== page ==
The next time you're tempted to post a picture of yourself basking in the sun by the pool or frolicking at a Full Moon Party, stop.
A new study has shown that nearly half of the UK think one to three holiday images on their Facebook or Instagram is spam, and one in five get so cheesed off with relentlessly-smug holiday posts that they'd consider 'unfriending' that person in order to stop seeing their updates.
The study, put together by AttractionTix.co.uk, polled 2,000 members of the public, and asked them their views on 'holiday spam' - posts which serve no purpose apart from bragging, or making others envious. This includes the number of photos people are willing to tolerate on their social feeds before becoming frustrated or jealous.
When asked about their levels of bitterness when faced with holiday updates, 27% of people stated they feel most resentment over holiday photos when they are stuck in the office at work. Dark mornings and the winter months kicking in were also a reason 26% of people felt irked, alongside low bank balances (20%) and returning from a holiday of their own (17%).
However, there is hope for humanity - 8% of people admitted they don’t get jealous at all when holiday pictures appear in their feeds.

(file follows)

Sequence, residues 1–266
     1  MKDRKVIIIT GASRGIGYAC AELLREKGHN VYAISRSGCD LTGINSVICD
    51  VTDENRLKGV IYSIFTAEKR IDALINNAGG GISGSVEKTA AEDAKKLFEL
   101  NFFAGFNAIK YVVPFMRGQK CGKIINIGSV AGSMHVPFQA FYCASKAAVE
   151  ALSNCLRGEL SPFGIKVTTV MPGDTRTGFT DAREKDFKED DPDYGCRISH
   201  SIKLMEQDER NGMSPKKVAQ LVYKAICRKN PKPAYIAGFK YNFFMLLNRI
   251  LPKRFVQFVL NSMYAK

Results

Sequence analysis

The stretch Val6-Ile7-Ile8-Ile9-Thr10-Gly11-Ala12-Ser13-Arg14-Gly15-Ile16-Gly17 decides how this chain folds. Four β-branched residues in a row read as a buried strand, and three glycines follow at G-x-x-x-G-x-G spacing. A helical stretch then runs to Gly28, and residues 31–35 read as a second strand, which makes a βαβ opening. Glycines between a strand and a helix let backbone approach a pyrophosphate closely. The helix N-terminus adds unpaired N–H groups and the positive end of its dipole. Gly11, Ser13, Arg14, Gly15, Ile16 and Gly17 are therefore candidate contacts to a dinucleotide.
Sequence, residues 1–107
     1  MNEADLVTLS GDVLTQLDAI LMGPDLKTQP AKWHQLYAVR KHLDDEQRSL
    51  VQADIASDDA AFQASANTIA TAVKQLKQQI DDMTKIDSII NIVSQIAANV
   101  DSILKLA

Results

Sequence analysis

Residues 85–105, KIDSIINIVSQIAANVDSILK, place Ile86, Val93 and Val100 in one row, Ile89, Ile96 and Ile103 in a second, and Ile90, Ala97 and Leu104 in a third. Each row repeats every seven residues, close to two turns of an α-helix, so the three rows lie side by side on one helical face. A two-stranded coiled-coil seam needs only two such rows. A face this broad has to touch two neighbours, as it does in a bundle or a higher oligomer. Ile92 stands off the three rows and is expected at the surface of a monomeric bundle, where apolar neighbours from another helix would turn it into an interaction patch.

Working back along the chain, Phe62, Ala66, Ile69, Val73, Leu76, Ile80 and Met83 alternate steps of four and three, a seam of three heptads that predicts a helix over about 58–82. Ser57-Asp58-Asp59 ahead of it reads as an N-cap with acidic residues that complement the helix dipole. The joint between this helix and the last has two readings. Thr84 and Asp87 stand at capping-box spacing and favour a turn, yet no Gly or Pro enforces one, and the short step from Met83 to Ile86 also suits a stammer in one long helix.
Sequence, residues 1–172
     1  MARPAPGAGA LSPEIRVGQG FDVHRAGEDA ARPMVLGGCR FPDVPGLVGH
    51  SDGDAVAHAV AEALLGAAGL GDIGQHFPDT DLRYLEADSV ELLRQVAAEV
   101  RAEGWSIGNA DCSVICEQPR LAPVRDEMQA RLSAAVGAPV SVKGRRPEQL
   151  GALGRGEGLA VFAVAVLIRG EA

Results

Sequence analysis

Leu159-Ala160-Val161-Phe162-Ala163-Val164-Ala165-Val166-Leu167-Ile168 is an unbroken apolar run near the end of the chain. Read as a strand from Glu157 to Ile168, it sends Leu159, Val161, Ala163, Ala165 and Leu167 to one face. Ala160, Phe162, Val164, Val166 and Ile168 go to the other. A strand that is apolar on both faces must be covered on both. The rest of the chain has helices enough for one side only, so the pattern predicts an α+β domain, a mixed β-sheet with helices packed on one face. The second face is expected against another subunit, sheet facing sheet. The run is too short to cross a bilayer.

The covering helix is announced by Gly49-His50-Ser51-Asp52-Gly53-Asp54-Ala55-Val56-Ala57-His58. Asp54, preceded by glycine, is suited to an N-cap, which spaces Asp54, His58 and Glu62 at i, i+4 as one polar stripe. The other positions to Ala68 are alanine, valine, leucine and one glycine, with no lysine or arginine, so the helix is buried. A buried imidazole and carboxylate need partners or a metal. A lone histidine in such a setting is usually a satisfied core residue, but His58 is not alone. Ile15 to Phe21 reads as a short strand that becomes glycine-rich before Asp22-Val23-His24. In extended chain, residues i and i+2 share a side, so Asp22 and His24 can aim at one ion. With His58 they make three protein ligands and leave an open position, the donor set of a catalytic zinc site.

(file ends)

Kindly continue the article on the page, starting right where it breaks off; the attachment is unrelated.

To celebrate their survey, and provide yet more fodder for carnivores, AttractionTix have launched a limited edition 'Holiday Spam'. Perfect as a passive-aggressive gift, the 200g tin features instructions about how to send the tins out to your chosen 'spammers', so they'll get the message. Eventually. You can buy it here.
We love social media, but we think holidays are best spent offline; stop clicking, start living, as it were. Did you know that your social media accounts can get you into trouble before you leave the country, as boasting about your holiday could invalidate your home insurance?
However, there's always the opportunity to bag a cheap holiday if you have a large social media following. Swings and roundabouts, as it were.
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